Nehru however had his own notions of political control. He kept armed forces completely out of the loop of decision-making and consultation in matters of national security. He merely expected unquestioning acquiescence to his orders like the one he issued to his favorite commander Lt. Gen. B M Kaul: “throw the Chinese out.” Hence the absence of any meaningful discussion with the top brass of armed forces in matters related to national security. The result was the growth of art and craft of how to snatch an embarrassing defeat from the jaws of victory.
May I illustrate my thesis by the following examples?
The Kashmir Mess
There can be no better example of shooting in one’s own foot than India’s ridiculously clumsy handling of the Kashmir issue in 1947 and thereafter. It is a sad tale of naiveté compounded by blinkered vision of a leadership that needed lessons in decision-making.
Hari Singh was the reigning monarch of the state of Jammu and Kashmir in 1947. He was a past master in fence-sitting. The Pakistani tribal marauders, duly backed by the Pakistan army, shook him up in October 1947. Unable to counter them, Hari Singh appealed to India for assistance and he agreed to accede to the Dominion of India. Indian forces blunted the invasion and wrested back vast areas.
First, India erred by not insisting on unequivocal accession of the state. Sheikh Abdullah who had carefully camouflaged ambitions to be the Sultan of Kashmir, manipulated Nehru into giving special status to the state of Jammu and Kashmir through Article 370 of the Constitution. Secondly, when on the verge of evicting all invaders and recapturing the still-occupied parts of the State, India halted operations on 1 January 1949 in response to the UN Security Council resolution.
It is the only case in recent history wherein a country, when on the threshold of complete victory, voluntarily acceded in the misplaced hope of winning admiration of the world community, its own occupied territory. Above all, the most inept political leadership under the spell of a manipulating Governor General - Tricky Dicky as Mountbatten was called by perceptive observers - most shockingly, the Indian leadership made an offer of a plebiscite in Kashmir under the auspices of the UN.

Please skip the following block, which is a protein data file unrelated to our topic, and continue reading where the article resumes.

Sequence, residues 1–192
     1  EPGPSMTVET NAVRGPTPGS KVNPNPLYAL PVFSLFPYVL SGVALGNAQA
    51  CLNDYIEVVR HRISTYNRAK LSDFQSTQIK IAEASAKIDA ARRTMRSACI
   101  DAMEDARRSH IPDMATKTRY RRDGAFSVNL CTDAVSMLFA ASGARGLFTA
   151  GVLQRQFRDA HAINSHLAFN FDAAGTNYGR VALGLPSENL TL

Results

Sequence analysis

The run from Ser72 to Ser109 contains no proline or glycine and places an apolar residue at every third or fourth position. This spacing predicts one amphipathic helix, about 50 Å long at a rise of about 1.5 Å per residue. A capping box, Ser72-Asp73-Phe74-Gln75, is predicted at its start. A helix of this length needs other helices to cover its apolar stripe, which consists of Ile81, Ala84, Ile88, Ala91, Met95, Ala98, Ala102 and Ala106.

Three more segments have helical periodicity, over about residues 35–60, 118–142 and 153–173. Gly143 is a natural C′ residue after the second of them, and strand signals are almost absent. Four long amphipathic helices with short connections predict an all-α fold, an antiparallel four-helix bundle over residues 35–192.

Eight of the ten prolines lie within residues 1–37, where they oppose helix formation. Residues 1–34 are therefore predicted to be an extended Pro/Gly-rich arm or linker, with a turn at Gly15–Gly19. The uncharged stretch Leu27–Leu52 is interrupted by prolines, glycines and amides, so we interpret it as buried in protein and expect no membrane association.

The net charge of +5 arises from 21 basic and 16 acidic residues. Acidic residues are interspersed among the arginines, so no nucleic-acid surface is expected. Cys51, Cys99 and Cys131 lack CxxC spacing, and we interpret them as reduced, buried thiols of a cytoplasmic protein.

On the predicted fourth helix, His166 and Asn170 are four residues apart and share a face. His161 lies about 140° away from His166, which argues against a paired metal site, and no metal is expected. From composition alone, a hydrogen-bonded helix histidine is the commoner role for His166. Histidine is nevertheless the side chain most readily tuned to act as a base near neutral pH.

Have a look at the map of the area. As much as forty percent area of the state continues to be under Pakistan’s control, providing it a strategic land route to China through the Karakoram ranges. Later in 1963, Pakistan magnanimously ceded a significant chunk under its control to its political ally, China. Simultaneously, the Chinese occupied Aksai Chin while we slumbered.
As fallout of the unresolved dispute, India and Pakistan have fought four wars (if you include the Kargil operations too) and innumerable skirmishes with no solution in sight. Worse, the local politicians are holding India to ransom by playing the Pakistan card. Kashmir issue is a self-inflicted cancerous furuncle that defies all medications and continues to bleed the country.
Will Indian leadership ever have the courage to mount a surgical operation to eliminate the festering boil?
Capture of Aksai Chin
During the 1950s, China built a 1,200 km (750 mi) road connecting Xinjiang and western Tibet, of which 179 km (112 mi) ran south of the Johnson Line through the Aksai Chin region claimed by India. We did not even know about the existence of the road until 1957, which was confirmed when the road was shown in Chinese maps published in 1958.
For purposes of record, the Indian position was that the Aksai Chin was a “part of the Ladakh region of India for centuries” and that this northern border was a “firm and definite one which was not open to discussion with anybody”.
The Chinese maintain that the Aksai Chin was already under Chinese jurisdiction, and that negotiations should take into account the status quo. Incidentally, we had the first Government of India after Independence headed by Nehru, which didn’t know what precisely its frontiers were.